Driving under the influence (DUI) charges are one of the most common reasons why people in Florida get arrested and convicted. However, the commonality of DUI charges has done nothing to spread awareness about all the laws and rules surrounding them. If you have any questions about DUIs in Florida circling your head, you should browse this quick list of some DUI FAQs, answered by the Law Office of Kevin F. Moot. In case you have already run into trouble with the law, we encourage you to contact our Weston criminal defense and DUI defense attorney right away. We are available most evenings and weekends.
Answering Common DUI FAQs
What does it mean to be legally intoxicated in Florida?
Someone is considered “legally intoxicated” by Florida law when they drive or attempt to drive a motor vehicle while their blood alcohol concentration (BAC) level surpasses a legal limit. For an adult driver over 21 years of age, the legal BAC limit is 0.08. Adult commercial drivers have a BAC limit of only 0.04. A minor under 21 has a minimal BAC limit of just 0.02. Additionally, someone can be arrested for a DUI if they have any amount of a chemical, controlled, or narcotic substance in their bloodstream while driving.
Do I have to submit to a field sobriety test?
Highway patrol officers use field sobriety tests (FST) to try to determine if a driver is drunk. The problem is that an FST is always subjective, relying on the officer’s discretion and not scientific methods. Since FSTs are unreliable, you can refuse to take any FST that is not mandatory without immediate legal consequence. When an officer asks you to take an FST – like walking a straight line – you might want to ask if it is mandatory before complying.
What happens if I refuse to take a chemical test to analyze my BAC level?
Unlike a field sobriety test, a chemical test to determine your BAC is almost-always mandatory. Refusing a mandatory test will automatically suspend your license for 12 to 18 months, even if you were entirely sober. Automatic suspensions are administrative penalties, which means a criminal defense attorney cannot challenge it in criminal court. It is worth noting that blood tests do require the police to first obtain a warrant.
Do DUI penalties increase each time I get convicted for one?
Yes, Florida does use an escalating DUI penalty system based on the number of previous DUI convictions on a driver’s record. The penalties tend to increase with longer driver’s license suspensions, extended jail sentences, and higher fines. The lookback period for a DUI varies between 5 and 10 years, depending on prior convictions.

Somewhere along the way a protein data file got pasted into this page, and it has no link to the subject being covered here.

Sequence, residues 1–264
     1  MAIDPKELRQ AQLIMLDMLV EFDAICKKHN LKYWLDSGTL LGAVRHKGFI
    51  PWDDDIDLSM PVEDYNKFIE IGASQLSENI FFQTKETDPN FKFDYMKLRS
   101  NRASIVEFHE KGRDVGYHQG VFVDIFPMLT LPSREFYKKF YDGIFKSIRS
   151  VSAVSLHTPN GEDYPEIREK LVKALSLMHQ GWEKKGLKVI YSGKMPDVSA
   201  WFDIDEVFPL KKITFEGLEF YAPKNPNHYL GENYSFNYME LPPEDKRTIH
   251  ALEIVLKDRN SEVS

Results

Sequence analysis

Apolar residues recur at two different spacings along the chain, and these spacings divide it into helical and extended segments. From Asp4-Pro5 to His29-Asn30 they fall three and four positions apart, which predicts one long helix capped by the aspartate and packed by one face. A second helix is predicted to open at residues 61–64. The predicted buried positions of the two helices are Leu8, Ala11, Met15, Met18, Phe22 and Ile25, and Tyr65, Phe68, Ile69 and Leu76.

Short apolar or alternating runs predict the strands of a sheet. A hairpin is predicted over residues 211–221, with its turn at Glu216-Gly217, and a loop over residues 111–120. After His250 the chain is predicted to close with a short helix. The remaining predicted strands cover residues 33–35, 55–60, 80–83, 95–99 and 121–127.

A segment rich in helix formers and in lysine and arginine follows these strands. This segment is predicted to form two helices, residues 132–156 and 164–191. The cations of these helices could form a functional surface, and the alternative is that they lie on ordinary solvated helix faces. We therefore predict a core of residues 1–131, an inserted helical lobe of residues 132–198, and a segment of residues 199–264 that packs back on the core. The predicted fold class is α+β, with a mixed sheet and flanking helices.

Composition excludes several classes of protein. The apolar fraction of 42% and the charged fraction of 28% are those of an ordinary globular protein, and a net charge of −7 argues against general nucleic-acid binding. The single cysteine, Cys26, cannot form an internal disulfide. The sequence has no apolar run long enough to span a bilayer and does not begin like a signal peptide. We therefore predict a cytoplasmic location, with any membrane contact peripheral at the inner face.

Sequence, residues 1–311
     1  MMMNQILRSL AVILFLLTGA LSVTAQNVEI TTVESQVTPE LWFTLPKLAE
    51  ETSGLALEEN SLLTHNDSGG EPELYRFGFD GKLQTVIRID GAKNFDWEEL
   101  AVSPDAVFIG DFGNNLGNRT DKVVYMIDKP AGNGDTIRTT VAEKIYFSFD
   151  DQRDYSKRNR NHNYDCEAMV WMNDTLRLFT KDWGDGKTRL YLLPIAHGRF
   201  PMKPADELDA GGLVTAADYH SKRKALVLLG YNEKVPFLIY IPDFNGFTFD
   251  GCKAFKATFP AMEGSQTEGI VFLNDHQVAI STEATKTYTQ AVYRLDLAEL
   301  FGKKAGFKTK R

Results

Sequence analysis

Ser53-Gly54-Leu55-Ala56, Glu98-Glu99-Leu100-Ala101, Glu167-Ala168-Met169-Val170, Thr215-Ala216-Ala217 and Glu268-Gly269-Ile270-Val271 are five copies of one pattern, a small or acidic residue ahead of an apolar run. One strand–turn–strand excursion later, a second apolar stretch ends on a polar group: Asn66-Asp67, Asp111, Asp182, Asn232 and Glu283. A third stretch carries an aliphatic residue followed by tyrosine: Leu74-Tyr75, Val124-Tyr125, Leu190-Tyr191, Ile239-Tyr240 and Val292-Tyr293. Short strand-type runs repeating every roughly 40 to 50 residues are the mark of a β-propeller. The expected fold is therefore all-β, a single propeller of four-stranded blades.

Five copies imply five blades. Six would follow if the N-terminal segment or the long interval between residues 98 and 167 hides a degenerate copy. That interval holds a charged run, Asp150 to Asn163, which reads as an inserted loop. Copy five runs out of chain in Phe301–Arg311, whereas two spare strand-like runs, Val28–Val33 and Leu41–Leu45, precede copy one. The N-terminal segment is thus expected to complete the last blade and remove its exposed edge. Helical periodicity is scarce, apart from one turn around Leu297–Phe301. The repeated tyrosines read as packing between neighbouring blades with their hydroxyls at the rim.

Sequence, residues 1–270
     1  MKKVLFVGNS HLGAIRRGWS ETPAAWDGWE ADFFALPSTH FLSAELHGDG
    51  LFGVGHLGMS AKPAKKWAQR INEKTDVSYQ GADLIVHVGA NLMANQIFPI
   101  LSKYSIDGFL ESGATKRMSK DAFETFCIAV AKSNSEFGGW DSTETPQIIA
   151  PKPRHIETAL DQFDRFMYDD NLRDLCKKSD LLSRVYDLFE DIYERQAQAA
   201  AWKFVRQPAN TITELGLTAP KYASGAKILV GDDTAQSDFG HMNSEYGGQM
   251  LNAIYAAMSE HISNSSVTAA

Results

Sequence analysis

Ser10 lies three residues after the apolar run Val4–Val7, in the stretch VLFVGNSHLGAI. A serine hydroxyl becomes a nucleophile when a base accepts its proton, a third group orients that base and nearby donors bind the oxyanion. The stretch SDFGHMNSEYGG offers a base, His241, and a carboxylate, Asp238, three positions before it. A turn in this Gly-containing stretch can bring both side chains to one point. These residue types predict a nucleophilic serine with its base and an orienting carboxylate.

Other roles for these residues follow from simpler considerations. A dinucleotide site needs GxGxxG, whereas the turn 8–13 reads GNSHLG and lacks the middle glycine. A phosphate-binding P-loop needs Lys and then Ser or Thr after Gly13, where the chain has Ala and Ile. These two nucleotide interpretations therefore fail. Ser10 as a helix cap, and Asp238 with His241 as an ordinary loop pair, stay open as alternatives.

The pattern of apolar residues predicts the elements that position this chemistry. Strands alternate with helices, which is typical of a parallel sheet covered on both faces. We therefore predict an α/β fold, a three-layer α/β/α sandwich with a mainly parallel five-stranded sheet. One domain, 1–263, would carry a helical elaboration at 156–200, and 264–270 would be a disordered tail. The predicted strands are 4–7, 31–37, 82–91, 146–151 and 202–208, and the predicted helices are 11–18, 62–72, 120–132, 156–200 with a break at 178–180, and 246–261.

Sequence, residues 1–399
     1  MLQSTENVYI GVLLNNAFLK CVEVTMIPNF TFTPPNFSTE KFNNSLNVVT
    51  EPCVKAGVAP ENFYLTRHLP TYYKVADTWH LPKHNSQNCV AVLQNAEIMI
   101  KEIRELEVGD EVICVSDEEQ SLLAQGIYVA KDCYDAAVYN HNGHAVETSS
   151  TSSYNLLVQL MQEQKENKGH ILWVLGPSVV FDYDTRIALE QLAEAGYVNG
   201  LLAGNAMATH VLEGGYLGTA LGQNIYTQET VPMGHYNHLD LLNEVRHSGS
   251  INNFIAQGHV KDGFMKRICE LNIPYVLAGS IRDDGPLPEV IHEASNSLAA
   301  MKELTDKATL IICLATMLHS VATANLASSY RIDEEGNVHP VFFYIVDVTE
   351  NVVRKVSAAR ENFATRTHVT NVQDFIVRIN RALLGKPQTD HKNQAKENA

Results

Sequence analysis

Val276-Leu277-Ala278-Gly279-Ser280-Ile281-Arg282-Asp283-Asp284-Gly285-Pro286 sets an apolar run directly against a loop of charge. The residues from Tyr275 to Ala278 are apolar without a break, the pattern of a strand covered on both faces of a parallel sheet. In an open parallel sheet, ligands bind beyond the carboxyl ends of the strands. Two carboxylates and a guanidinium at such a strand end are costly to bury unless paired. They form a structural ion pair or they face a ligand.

What is an ignition interlock device (IID)?
Most second-time DUI or third-time DUI convictions – and even many first-time DUI convictions – in Florida will include the installation of an ignition interlock device (IID) on the driver’s steering column. The driver must huff a breath into the IID that registers under a preset BAC limit before the vehicle can be started. People with IIDs in their cars also need to pay installation and removal fees, and also monthly taxes for it.
Can I still drive my car after getting a DUI?
People convicted of a DUI in Florida will have their driver’s license suspended, making it illegal to drive anywhere until it is reinstated. However, a DUI attorney might be able to argue on your behalf to receive a hardship license. For most hardship licenses, the license holder can only drive to and from work, but adding other destinations – like your children’s school or ex-spouse’s home – is negotiable with the help of your DUI lawyer.
Do I have to stop at police sobriety checkpoints?
The police may set up police sobriety checkpoints to catch drunk drivers in the act. This stop is mandatory for all drivers traveling along that road, even if they are entirely sober. The legality of sobriety checkpoints is routinely brought into question, so be sure to tell your Weston DUI attorney if your DUI arrest originated from one such stop.
How can I avoid a DUI?
The best way to avoid getting a DUI is simply to never drive while intoxicated. Choose a designated sober driver for any outings, hire an Uber or Lyft driver, or stay at the host’s house if you must. Driving drunk puts your life and everyone else’s in danger, and can also slam you with heavy consequences if you get convicted.
If you have any more questions about DUI laws in Florida, or if you want further explanations about the FAQs listed above, remember that you can always contact our Weston DUI lawyer for representation and assistance.